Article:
Date of Award

8-2008

Degree Type

Dissertation

Degree Name

Doctor of Philosophy

Major

Education

Major Professor

Sherry K. Bain

Committee Members

Christopher Skinner, Robert Williams, Mark Hector

Abstract

The number of students in the United States for whom English is not their first language is increasing. As reading is integral to most classes taught in school, limited English reading proficiency can hinder students from succeeding academically. It is important to identify effective methods for quickly improving these students’ English reading skills.

The purpose of the present study was to determine whether a taped-words intervention using Dolch words would improve the reading skills of young, non-native English-speakers. Specifically, the goal was to discover whether the intervention would help to increase the students’ word list reading fluency and accuracy. A secondary goal was to investigate the relationship between the intervention and passage reading fluency, reading comprehension, and phonemic awareness.

The participants in the study were three general education first-grade students for whom English was not the first language. A multiple-baseline across word sets design was used to evaluate the intervention. The study consisted of a taped-words intervention. For the intervention, the students listened to a recording of one of three sets of 19 words read five times in different orders. While they listened, they followed along with printed word lists, reading each word with, or before, the recording. After each intervention session, the students were assessed on the set of words to which they had just listened. The same assessment procedures were used to collect baseline, intervention, and maintenance data. The same intervention and assessment procedures were followed across all three word sets. The researcher also assessed the students on passage reading fluency, reading comprehension, and phonemic awareness.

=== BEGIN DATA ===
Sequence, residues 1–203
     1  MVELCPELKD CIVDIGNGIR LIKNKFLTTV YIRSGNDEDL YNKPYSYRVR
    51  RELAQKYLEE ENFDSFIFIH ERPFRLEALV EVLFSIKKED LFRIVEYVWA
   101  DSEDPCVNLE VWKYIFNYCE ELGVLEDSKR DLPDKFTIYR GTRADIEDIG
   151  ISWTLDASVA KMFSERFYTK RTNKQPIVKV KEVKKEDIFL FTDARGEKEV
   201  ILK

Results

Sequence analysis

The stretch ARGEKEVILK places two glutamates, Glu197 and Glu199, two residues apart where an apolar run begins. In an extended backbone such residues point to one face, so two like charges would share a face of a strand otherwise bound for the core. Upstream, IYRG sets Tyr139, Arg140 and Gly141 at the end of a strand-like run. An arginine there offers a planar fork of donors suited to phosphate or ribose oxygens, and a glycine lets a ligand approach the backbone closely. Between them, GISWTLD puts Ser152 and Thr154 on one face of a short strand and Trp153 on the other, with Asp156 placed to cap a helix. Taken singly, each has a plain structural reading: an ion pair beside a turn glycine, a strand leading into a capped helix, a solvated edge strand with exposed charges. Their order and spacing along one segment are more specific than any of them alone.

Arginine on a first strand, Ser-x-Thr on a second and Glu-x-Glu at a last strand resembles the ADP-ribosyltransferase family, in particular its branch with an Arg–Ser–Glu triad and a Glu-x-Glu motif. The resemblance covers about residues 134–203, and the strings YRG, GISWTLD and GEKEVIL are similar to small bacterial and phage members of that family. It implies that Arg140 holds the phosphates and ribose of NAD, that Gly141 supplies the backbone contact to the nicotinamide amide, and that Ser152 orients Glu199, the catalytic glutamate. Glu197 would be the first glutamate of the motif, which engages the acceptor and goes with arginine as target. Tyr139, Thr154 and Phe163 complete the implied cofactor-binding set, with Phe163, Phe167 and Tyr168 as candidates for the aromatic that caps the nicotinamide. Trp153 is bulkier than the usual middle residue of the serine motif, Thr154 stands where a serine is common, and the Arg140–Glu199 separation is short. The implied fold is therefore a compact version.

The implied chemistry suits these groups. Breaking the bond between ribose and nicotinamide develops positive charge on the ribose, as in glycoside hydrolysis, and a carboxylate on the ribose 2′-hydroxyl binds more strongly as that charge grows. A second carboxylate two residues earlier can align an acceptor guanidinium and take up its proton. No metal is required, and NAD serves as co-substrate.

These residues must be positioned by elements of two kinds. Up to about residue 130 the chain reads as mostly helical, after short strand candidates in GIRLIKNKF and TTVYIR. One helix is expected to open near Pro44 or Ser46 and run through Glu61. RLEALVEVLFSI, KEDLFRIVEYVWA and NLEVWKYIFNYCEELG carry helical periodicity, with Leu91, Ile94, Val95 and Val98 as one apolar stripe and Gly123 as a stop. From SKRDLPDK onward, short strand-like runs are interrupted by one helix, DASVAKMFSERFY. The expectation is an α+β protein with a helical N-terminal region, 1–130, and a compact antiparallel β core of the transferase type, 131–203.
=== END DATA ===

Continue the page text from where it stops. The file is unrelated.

The results suggested that the taped-words intervention improved the word-list reading fluency and accuracy of two of the students. The third student had stronger reading skills than the others from the beginning, and the intervention had less effect on her reading performance. An analysis of secondary data suggests a possible relationship between the intervention and phonemic awareness. More research is needed to investigate the relationship between the taped-words intervention and reading fluency and comprehension as well as to further explore the possible link between the intervention and phonemic awareness.

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